Shade tree traits and microclimate modifications: Implications for pathogen management in biodiverse coffee agroforests
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Diversified coffee agroforests modify microclimate conditions in comparison with monocultures, impacting the success of significant plant pathogens, such as Hemileia vastatrix, which causes coffee leaf rust (CLR). However, research is often limited to the dichotomous analysis of shaded agroforestry systems or unshaded monocultures, often overlooking the nuanced effect of shade tree trait diversity. Our study aims to determine the cumulative effects of shade tree canopy architectural characteristics and leaf functional traits in biodiverse agroforests on microclimate modifications and CLR incidence. We measured plot-level microclimate conditions (air temperature, relative humidity, leaf wetness duration, throughfall kinetic energy) in three single-stratum and two double-strata shade tree canopy treatments, including Erythrina poeppigiana, Terminalia amazonia, and Chloroleucon eurycyclum. Commonly reported canopy characteristics and leaf traits were compared to average microclimate conditions and CLR incidence levels. We found that shade tree trait expression significantly explained most microclimate conditions, and that two key shade tree traits (canopy openness, leaf area) significantly explain CLR incidence levels (R2 = 0.211, p = 0.036). Our results highlight the differences in microclimate conditions and CLR incidence among biodiverse agroforests, as well as the important explanatory power of shade tree traits. Specific effects of shade tree traits on pathogen dynamics can directly inform agroforestry system design (i.e., shade tree species selection) and sustainable coffee farm management practices (i.e., pruning practices).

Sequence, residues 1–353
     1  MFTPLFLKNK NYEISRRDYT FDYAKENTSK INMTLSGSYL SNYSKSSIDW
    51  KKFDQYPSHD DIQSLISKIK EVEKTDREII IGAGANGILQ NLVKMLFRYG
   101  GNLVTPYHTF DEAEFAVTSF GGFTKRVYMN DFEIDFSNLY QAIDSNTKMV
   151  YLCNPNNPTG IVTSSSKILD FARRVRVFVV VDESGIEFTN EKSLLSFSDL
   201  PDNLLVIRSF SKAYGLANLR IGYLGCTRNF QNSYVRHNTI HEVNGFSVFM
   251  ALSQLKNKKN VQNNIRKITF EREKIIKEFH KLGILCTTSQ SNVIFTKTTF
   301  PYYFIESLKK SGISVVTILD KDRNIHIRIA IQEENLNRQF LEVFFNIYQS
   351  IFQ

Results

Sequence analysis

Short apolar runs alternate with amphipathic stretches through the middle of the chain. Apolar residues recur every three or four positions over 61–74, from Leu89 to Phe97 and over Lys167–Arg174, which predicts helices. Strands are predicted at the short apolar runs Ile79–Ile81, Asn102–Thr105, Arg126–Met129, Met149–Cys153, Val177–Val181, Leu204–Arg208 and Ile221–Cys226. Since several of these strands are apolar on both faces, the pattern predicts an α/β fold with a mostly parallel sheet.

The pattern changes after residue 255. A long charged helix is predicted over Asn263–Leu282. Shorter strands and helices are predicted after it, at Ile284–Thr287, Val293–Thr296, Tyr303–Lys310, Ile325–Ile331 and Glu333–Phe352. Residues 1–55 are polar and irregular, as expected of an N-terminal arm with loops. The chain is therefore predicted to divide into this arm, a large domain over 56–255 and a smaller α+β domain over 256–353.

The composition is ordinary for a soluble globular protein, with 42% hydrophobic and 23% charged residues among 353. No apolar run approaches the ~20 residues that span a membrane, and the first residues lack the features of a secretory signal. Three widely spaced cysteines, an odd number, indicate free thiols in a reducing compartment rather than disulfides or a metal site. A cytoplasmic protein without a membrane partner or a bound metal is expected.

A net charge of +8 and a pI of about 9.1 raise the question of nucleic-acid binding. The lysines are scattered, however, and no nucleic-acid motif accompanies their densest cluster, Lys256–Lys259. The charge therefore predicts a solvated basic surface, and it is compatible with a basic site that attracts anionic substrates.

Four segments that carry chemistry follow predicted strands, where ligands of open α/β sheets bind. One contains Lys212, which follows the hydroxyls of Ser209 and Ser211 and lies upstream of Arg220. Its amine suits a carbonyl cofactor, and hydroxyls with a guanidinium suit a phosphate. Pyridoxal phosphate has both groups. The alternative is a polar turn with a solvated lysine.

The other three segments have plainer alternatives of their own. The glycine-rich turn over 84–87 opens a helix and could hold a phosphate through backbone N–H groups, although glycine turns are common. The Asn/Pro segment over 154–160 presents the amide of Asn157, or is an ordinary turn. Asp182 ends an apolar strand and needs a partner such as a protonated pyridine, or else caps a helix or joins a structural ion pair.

Wiley Biotropica, New Jersey (Estados Unidos)
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